Achieving Accountability

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From the first week of his employment, there was something about Chip (not his real name) that just wasn’t right. Chip was qualified for the position and was a good technician. He had the experience, certifications, and skill level. But the “chip” on his shoulder was so large, it closed his mind to accepting any help or advice. Every problem was someone else’s mistake, never his. It got to a point where Chip became unapproachable, which never creates a good work environment.

The first week with us, Chip damaged a control arm during the installation. When the manager approached him to ask what happened, Chip replied, “I told the service advisor not to buy that brand. It’s not an exact fit. Go talk to him about it.”

Two weeks later, Chip was rebuilding a Jeep rear differential. He damaged two pinion bearings while installing the pinion shaft.  Chip’s excuse? “I told the advisor to get OE bearings, not aftermarket bearings.” At this point the foreman stepped in and offered to help Chip rebuild the differential. Chip’s reaction was, “You don’t trust me?” The foreman replied, “We have two destroyed bearings. I just want to make sure this rear differential goes back together right.”

The foreman watched as Chip began to install the bearings. He could clearly see that Chip was struggling.  The foreman stepped in and said, “Chip, let me help you.” With the foreman’s help the rear differential was finished in about an hour and a half. With a feeling of accomplishment, the foreman said, “Chip, it’s all done. What do you think?” Chip replied, “It’s not the way I would have done it, and it’s because we used the OE bearings that it got done at all, like I said.” Chip was spiraling downward and he was distancing himself from the rest of the team. 

Then one day, a change occurred. I could clearly see that something was bothering Chip. I walked over to him and asked if everything was OK. He hesitated for a few seconds and then said, “Well, I’m not OK, my uncle died over the weekend. We were really close.” I immediately replied, “Chip, I am so sorry for your loss. There is nothing more important than family. What are you doing here? Take time with your family.” Chip replied, “I will take time, but for now I’d rather work to get my mind off things.” I replied, “Whatever you need, please let me know.”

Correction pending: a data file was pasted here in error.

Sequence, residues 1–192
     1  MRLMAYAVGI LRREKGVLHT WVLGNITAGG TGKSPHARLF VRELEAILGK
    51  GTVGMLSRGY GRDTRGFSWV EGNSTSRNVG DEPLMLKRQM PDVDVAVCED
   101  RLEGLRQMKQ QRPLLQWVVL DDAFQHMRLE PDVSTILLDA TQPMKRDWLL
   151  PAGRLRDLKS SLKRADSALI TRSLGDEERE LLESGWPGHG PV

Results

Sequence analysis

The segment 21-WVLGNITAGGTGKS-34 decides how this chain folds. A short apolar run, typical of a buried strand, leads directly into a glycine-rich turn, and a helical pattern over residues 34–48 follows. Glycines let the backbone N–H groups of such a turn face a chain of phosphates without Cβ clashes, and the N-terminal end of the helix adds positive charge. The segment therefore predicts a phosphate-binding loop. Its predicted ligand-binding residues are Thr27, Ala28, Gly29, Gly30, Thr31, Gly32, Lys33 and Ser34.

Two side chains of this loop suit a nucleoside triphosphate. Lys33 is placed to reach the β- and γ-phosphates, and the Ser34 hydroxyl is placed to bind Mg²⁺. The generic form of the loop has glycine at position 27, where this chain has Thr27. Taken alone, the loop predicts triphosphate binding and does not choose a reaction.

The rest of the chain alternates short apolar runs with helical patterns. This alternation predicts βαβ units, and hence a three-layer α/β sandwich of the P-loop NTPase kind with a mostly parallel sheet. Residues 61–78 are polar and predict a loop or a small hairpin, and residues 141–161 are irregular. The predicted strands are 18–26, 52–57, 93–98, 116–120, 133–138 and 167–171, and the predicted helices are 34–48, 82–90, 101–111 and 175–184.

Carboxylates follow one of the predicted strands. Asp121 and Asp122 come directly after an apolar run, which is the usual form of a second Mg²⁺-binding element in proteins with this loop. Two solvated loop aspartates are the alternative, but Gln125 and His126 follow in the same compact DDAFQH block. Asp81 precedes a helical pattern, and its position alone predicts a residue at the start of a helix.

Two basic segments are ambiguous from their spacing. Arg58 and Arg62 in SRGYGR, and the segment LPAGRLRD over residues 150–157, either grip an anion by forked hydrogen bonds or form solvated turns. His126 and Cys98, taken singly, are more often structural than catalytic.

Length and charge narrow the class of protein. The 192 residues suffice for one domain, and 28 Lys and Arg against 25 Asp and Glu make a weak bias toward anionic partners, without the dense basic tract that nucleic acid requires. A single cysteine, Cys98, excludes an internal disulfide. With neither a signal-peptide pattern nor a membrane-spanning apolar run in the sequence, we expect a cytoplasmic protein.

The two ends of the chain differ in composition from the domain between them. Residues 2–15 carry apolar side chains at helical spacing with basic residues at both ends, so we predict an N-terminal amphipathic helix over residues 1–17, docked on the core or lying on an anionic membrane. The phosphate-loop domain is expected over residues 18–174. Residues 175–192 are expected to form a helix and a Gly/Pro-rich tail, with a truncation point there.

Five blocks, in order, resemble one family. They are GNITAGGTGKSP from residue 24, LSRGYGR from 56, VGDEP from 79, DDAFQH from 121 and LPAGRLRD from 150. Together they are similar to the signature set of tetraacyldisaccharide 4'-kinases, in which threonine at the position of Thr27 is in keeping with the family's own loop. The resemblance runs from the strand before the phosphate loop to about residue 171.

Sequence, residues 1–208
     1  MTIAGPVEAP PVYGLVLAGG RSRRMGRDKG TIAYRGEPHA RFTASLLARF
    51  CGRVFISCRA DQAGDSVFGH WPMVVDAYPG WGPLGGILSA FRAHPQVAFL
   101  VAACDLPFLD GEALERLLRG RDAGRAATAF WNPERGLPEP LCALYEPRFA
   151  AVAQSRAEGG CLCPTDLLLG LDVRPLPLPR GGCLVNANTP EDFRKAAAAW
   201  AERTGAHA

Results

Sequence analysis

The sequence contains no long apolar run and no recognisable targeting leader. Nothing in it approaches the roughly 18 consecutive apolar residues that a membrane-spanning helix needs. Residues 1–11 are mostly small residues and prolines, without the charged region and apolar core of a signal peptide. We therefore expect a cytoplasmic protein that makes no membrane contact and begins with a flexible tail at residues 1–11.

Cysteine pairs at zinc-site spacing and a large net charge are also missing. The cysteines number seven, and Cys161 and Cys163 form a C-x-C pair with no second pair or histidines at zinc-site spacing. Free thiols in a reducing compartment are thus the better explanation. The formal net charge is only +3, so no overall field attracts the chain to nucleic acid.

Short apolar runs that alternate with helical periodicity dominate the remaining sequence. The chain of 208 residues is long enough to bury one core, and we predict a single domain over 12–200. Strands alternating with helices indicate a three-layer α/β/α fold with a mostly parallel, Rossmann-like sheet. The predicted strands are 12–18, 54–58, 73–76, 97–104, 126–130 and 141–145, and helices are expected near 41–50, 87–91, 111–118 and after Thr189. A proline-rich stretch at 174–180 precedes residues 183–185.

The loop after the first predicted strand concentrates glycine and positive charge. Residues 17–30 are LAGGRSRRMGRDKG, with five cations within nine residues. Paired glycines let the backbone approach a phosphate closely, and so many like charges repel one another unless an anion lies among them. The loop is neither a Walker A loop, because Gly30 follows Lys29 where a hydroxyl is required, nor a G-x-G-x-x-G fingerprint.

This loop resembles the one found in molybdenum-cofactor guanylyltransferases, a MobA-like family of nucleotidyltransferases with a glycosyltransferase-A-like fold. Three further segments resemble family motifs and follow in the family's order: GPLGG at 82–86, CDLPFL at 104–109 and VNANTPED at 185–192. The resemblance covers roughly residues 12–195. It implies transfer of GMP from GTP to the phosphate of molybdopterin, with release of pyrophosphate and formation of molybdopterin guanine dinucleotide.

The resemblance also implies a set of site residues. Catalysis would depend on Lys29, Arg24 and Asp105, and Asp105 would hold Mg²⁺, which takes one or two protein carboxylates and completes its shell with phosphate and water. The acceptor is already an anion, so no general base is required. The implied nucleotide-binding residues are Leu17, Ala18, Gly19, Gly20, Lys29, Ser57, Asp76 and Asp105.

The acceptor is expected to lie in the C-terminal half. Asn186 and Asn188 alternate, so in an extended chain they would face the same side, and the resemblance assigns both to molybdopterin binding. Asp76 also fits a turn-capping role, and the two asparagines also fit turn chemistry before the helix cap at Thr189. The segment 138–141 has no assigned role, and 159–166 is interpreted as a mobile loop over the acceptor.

Later that day, Chip walked up to me and asked if we could talk in private. I said sure, and we headed to my office. Chip sat down and was quiet for a few seconds. Then, with his head down, he said, “Joe, I need to apologize. I have not lived up to my expectations, and I know I haven’t lived up to yours. I will leave if you want me to.” I could only imagine how hard it was for Chip to tell me that. I replied, “Chip, you are an important part of the team. Let’s work together to make our team even stronger.” I saw another side of Chip that day. It would take a lot more bumps in the road, but Chip eventually became a valued team member.

My forty years in business have given me a pretty good understanding of people. There are some that find it hard to hold themselves accountable or admit they made a mistake. The bigger issue is that people with this behavior tend to be loners and isolate themselves from the rest of the team. They usually end up jumping from job to job, always blaming their misfortune on their previous place of employment.

We also need to understand why some people develop that chip on their shoulder. It could be that they’ve never worked in an environment where they were recognized and praised for their contributions. Combine that with a work environment when the only time the boss speaks to you is to reprimand you, and some people shut down and create a hard-emotional shell around themselves.

The takeaway here is to not give up on people. We don’t always know why people act the way they do.  We don’t always know what will make a change in them; and in some cases, nothing we do will make a difference. In Chip’s case, I want to believe that I reached him emotionally when he told me his uncle had died. My hope is that he realized that my culture was not all about business and that I did my team and what they do for the company. But, in truth, I don’t really deserve any of the credit. You see, the only person who was able to knock that chip off his shoulder was himself.

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